If one of your aspirations is to become a professional archer, then your finger and wrist slings have to be handy always. Remember, the goal is to train your subconscious to always focus on the target and not grab the bow. In this case, keeping it snug is always recommended when practicing.
When bowhunting, bow wrist slings are required to keep your hand relaxed and your focus on the animal. As such, you don't want your sling too loose in case you need to grab your bow again. Therefore, bowhunters prefer the open bow-mounted wrist slings. You guessed right! The reason is so that they can more easily and quickly pick up the compound bow in readiness for another shot rather than fumbling with a finger sling.
Another reason is to prevent an accident from occurring by putting a certain distance between you and your bow. This is quite useful, primarily if you hunt with a more broadhead-tipped arrow. With an open wrist sling, tossing the bow sidewards and avoiding an accident is possible. This cannot be easily done with a finger sling.
Also, wrist slings are best for tree hunting. Because you will always be pointing the bow downwards to take a shot, you need something to support your grip over a period of time. More so, you won't have a hard time battling against the forces of gravity as you try to maintain your grip and focus on the target more. You won't also have to worry about your bow falling from 20 feet when you are up a tree. You will agree that it is far worse than a 5-6 feet fall.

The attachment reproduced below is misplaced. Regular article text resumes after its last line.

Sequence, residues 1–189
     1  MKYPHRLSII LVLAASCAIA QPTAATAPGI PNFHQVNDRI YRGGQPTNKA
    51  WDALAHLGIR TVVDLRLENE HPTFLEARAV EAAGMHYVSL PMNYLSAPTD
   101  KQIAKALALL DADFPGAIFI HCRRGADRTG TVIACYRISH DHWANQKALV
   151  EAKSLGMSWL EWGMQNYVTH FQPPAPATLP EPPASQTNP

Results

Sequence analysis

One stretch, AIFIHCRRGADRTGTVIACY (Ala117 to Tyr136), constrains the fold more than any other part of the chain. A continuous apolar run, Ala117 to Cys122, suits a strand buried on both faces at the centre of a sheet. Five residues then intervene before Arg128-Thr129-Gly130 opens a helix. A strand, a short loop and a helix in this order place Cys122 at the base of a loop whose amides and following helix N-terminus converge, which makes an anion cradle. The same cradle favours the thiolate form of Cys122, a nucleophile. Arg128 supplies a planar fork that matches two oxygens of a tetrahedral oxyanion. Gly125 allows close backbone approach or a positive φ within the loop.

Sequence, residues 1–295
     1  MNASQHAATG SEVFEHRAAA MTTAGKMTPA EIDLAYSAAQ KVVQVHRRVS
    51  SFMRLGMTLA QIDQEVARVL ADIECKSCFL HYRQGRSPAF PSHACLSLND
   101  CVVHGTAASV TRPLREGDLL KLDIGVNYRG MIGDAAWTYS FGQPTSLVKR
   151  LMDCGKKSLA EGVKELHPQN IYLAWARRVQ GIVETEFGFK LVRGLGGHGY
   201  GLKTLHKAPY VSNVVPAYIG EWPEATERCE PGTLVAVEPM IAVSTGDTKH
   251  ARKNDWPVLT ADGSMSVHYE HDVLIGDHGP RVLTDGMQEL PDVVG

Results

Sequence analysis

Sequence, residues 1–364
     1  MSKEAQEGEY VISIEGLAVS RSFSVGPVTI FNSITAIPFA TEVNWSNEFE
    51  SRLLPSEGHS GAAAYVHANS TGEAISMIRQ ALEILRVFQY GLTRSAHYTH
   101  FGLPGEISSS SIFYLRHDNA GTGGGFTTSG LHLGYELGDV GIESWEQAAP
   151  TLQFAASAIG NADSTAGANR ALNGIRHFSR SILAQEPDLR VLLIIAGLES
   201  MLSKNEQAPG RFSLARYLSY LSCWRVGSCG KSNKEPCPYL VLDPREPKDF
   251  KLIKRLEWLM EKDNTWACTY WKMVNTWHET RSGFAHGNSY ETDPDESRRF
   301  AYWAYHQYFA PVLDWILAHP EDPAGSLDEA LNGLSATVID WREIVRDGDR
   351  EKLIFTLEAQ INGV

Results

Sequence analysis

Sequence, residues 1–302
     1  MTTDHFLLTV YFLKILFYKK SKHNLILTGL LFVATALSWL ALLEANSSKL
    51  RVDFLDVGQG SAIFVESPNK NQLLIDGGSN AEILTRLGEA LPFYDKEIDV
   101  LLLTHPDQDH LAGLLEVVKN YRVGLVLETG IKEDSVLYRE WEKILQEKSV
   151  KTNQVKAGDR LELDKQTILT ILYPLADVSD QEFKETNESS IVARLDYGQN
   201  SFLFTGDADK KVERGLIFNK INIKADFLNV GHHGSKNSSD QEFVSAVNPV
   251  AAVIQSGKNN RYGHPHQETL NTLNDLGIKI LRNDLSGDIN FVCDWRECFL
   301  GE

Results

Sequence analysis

Pros And Cons Of Using The Wrist Sling
Compared to the finger sling, the wrist sling is easier to use. It also tends to be more comfortable and does not restrict the movement of your fingers in any way.
On the flip side, using the wrist sling for shooting has several cons. First, you won't be able to perform the free-fall swing technique. Also, when the bow drops, it acts erratically and will pull hard on your wrist.
If you still have doubts about getting a finger or wrist sling because you rarely drop your bow, consider the kind of impact and possible dents or breakages your compound bow would suffer should in case it drops hard. You can save yourself the stress and frustration that can result from not using a sling.
The best paracord bow slings can be purchased here and have an impressive breaking strength of 550 lbs. It can effectively carry your compound bow, arrows and any attachment items without overstretching. If you are a field archer, visiting an archery store for a sling might not be necessary. However, continuous falls can damage some fragile parts of your bow, even on soft grass. The end goal is to show more care for your bow and archery equipment.